UPDATED NEWS STORY Court confirms that complaints made “in good faith” are protected against claims of defamation
04 Jul 2012
In a 2010 NSW District Court case Lucire v Parmigiani, the legal protection
against defamation claims for people making a complaint about a medical
practitioner was tested.
The case involved a medical practitioner who had complained to the then
Medical Board about another medical practitioner. The complaint arose when both
practitioners were engaged as expert witnesses in a personal injury matter – one
for the plaintiff and the other for the defendant.
In a letter to the Medical Board, one of the practitioners complained about
the conduct of the other practitioner whilst giving expert evidence in court.
The other practitioner claimed the complaint was defamatory and brought the
matter before the District Court.
In her decision of 28 May 2010, Justice Gibson found that the complaint to
the then Medical Board was protected by absolute legal privilege, as provided by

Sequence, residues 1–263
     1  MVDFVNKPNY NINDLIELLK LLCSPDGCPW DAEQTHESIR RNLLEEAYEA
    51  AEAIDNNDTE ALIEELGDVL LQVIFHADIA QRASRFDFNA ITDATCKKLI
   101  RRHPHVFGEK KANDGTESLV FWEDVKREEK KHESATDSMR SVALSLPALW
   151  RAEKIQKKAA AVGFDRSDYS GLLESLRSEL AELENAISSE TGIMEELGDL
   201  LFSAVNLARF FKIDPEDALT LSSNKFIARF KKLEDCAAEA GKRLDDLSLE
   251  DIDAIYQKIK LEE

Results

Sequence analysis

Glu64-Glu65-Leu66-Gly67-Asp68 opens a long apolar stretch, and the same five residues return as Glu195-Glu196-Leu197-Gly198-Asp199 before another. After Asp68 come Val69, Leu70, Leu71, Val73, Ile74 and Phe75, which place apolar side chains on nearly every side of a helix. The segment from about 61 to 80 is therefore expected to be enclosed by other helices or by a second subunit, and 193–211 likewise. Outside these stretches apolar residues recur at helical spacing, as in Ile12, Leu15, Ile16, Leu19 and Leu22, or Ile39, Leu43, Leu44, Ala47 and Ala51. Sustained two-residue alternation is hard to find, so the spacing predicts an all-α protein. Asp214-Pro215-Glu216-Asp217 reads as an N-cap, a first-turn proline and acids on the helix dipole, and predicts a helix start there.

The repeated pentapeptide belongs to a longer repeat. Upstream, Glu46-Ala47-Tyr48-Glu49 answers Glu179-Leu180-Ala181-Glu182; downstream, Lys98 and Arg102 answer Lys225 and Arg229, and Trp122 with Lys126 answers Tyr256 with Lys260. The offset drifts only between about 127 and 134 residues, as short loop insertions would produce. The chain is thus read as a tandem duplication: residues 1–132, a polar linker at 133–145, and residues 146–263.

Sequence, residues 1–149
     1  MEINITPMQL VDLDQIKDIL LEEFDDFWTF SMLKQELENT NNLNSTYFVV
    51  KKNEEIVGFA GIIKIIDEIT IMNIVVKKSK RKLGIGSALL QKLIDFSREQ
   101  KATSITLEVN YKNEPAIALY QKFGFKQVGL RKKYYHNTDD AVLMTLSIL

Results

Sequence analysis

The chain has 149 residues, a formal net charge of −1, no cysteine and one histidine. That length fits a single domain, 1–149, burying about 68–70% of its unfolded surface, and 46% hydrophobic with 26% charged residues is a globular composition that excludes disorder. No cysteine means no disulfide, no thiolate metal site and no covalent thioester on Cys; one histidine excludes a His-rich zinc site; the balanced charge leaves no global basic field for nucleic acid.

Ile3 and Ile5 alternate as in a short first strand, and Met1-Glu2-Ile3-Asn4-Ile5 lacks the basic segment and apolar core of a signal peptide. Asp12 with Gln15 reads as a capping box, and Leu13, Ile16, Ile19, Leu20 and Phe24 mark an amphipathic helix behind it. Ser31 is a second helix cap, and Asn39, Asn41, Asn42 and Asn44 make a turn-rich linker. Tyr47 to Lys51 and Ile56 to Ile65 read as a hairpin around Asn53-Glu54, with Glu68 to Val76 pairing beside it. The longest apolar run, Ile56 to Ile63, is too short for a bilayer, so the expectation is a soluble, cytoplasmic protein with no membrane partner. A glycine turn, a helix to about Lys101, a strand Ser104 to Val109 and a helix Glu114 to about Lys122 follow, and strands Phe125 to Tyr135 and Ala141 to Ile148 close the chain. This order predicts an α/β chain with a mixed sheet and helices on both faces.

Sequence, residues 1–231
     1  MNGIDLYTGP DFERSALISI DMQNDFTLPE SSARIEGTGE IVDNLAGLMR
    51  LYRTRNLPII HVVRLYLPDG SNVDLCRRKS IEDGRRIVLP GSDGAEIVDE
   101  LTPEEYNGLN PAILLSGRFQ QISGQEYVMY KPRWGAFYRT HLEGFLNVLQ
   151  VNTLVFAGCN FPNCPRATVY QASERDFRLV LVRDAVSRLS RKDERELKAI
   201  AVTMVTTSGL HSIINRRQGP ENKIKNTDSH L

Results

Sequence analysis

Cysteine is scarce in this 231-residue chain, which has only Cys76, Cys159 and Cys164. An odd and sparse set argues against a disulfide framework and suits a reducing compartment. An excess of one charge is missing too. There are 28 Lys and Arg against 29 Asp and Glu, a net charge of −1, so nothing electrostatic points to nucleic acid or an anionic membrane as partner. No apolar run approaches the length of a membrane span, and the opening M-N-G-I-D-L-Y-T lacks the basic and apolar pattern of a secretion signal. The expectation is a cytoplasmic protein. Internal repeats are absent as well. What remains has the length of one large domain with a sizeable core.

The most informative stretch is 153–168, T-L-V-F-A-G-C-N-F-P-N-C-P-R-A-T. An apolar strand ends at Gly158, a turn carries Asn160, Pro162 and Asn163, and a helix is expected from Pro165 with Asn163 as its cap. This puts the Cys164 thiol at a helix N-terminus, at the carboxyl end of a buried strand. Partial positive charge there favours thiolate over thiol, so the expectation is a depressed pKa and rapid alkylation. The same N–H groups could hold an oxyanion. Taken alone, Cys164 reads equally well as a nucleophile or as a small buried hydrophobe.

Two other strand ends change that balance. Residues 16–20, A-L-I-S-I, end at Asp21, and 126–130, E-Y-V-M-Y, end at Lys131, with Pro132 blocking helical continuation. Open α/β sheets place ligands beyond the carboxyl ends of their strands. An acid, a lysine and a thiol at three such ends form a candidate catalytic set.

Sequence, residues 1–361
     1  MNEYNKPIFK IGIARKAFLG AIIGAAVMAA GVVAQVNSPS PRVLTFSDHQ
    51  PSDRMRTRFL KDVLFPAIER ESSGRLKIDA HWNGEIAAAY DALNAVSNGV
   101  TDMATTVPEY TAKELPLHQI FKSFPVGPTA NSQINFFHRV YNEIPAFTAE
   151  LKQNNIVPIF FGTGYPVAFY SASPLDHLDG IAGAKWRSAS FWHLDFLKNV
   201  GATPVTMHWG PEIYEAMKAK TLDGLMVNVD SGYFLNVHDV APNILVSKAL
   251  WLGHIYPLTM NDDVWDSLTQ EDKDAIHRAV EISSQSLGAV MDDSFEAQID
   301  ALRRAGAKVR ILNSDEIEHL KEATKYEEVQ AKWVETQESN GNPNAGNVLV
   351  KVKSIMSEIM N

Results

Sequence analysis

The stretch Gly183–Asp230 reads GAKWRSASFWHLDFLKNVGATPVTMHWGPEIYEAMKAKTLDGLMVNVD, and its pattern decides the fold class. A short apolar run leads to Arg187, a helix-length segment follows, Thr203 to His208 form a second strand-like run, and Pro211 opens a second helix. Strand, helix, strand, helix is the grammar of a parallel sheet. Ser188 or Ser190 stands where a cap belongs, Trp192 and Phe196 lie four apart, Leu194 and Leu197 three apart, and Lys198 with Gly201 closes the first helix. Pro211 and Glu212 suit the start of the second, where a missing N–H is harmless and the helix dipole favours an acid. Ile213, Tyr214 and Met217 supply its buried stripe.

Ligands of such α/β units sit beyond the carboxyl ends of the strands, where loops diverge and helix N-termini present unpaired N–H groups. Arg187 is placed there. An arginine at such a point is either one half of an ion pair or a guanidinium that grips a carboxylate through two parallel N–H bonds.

section 27 of the Defamation Act 2005 and section 47 of the now repealed Medical
Practice Act 1987.
The decision was appealed, and the Court of Appeal (Lucire v Parmegiani &
Anor of 20 April 2012) set aside Justice Gibson’s orders.
It found that the defence of absolute privilege did not apply to the making
of a complaint, although it did apply to any publications by the Board or other
parties such as the Health Care Complaints Commission, in the process of dealing
with the complaint once it had been made.
The Court of Appeal affirmed that the statutory defence against defamation
for making a complaint, such as that contained in section 96 of the Health Care
Complaints Act 1993, applies where the complaint is made “in good faith”.
The statutory protection against defamation for complaints made “in good
faith” shields complainants against actions for
The full decision is available on the NSW
District Court’s website.
The full decision of the Court of Appeal is available on the Department of
Attorney General and Justice’s website.